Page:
2)     A full enclosure.  People we talked to were turned off by the mess of traditional machines.  We even made the enclosure available in HDPE or bamboo to make the whole machine more attractive to users who will keep it in their office or home instead of their garage or shop.

3)     As much automation as possible.  We made sure to include homing, tool length setting, and factory calibration to make sure we eliminate a lot of the tedium of CNC setup.

We believe that CNC milling is a hugely underrated technology, and that a product like this will help bring it to a new group of people who would be scared off by traditional CNC machine.

You can follow us on Kickstarter or at to see if we pull it off.

We’re fairly sure that there will be lots of new entrants into this category and we’re hoping that more people will mean more exposure for CNC.


PS, I’m sure Robert will monitor this post, so please ask any questions you may have for him in the comments section.  And do check out the Kickstarter link.  There are a ton more pictures.  The ones of work done on the Nomad are especially interesting.  

We Robert and Carbide 3D the best of luck bringing CNC to a broader audience with Nomad.


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Carbide 3D’s Nomad: Dawn of Vertical Integration for Desktop CNC
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  • Apple does not make any hardware. Inside lie Intel CPU’s, nVidia or AMD GPU’s, etc. All of it sits inside a custom-manufactured case, made FOR Apple on contract. Their phones are made on contract, including hardware from other manufacturers as well. Their biggest success is in standardization. They were small enough to take a risk that Microsoft never could have (and is paying for now), and it’s ridiculous to think that they make anything at all. Most of in-house Apple is software and industrial design teams.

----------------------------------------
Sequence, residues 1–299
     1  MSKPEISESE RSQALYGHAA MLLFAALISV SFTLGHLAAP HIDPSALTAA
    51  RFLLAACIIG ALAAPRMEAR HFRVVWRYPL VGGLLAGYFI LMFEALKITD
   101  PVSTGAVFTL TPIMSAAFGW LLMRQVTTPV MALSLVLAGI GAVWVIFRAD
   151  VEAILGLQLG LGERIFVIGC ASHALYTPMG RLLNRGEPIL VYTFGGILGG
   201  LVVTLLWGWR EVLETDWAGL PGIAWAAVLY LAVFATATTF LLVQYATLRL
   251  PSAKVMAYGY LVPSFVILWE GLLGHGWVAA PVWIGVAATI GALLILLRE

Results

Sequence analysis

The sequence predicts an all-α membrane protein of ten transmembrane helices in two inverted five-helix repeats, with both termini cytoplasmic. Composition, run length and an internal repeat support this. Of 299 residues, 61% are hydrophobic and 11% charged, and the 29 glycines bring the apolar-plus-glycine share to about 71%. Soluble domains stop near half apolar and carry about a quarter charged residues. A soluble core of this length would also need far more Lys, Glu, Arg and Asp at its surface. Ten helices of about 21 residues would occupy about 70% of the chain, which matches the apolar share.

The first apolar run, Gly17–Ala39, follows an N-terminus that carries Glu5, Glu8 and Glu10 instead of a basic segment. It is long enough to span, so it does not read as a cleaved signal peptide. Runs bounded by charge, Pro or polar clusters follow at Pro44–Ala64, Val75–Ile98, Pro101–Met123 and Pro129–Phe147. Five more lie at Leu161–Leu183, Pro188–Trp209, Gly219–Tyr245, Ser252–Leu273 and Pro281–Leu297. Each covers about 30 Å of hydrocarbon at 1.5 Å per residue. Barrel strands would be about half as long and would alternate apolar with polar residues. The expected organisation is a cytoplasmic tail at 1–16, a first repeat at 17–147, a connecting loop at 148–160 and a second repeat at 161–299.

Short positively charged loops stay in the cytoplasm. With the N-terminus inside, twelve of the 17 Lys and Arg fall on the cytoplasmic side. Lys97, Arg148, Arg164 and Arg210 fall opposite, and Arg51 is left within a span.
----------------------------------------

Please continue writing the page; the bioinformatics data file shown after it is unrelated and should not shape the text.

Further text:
• Atom, strictly speaking you’re correct. OTOH, if they pay to have it manufactured to their designs, they make it. That’s the nature of how vertical integration is defined.



  • At the end of the nineties I was taking my fist steps in to using the internet. Putting pictures on the Internet was a pain. It involved scanners, that were only available to professionals and were very expensive.

    There were some experiments with digital sensors in camera’s.

    “They will never replace film. They are too expensive and have too small a resolution to be of any use.”

    Fast forward 15-20 years and Kodak is belly up and film is all but extinct. Cell phones all have cameras in them that have more pixels than film ever had in consumer applications.

    Saying ” 3D printing will never compete with injection molding” is very probably fooling yourself…